The Remembered Past of the Fourteenth Amendment
The Civil War redefined the American nation, and the legal essence of that redefinition was captured in three constitutional amendments. 1 The first abolished slavery, and the third extended suffrage to all adult males without regard to color. The second--the Fourteenth Amendment--prohibited the states from denying or abridging the fundamental rights of every citizen and required them to grant all persons equal protection and due process. Its first section has in fact become a second American constitution, and its meaning is the preeminent question of contemporary constitutional law.Although the amendment guarantees both substantive rights and procedural fairness, the three great clauses of Section 1 do not specify either the rights protected or the procedures required. 2 While Section 5 grants Congress the power to enforce Section 1 by "appropriate legislation," it is silent on how, if at all, the federal structure of the government limits that power. 3 The effort to provide that specification and fill that silence has raised two profoundly troubling questions:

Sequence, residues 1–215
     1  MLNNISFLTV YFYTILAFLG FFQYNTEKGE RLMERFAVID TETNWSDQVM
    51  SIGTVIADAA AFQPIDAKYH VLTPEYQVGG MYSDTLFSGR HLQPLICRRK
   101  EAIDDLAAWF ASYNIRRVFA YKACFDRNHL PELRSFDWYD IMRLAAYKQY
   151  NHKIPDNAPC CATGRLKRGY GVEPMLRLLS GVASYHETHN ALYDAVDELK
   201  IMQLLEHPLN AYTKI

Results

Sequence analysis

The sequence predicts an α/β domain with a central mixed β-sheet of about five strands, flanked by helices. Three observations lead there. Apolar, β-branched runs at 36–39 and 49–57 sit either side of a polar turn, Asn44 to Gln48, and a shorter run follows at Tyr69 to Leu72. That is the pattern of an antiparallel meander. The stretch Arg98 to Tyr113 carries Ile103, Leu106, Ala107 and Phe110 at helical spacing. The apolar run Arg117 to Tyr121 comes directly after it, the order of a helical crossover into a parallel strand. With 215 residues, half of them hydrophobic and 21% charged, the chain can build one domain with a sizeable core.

The Warren Court "imagined the past and remembered the future."
-- ProfessorAlexander Bickel, critiquing the Court's attempt to construct the "Egalitarian Society"
|•||Is the Fourteenth Amendment the new birth of freedom for which Lincoln prayed at Gettysburg or the Jacobin nightmare predicted by its post-Civil War critics?|
|•||Should the amendment's oracle, the Supreme Court, be praised for finally fulfilling the Declaration of Independence's promise of equality and fairness for all or be damned for destroying the republican bulwarks that alone preserve individual liberty?|
The answers to these questions divided the Court and the country as early as the Slaughter-House Cases. 4 They divide both still.